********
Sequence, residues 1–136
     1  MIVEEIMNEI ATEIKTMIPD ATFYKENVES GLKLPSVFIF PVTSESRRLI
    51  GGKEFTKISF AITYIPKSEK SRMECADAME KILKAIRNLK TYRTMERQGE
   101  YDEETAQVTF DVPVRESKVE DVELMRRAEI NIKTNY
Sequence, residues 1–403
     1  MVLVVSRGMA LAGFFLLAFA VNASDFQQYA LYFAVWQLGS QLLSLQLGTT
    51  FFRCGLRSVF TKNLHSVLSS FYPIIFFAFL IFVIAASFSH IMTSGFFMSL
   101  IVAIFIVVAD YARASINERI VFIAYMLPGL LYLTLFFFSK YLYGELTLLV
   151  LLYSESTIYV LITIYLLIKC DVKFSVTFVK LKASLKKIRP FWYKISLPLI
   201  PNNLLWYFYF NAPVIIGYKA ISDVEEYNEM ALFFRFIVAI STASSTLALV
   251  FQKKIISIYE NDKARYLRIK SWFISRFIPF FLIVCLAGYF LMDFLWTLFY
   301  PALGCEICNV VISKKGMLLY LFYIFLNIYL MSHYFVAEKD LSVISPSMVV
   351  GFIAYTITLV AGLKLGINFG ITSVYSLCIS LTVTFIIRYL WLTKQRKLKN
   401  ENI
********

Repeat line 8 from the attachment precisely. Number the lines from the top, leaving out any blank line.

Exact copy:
   101  IVAIFIVVAD YARASINERI VFIAYMLPGL LYLTLFFFSK YLYGELTLLV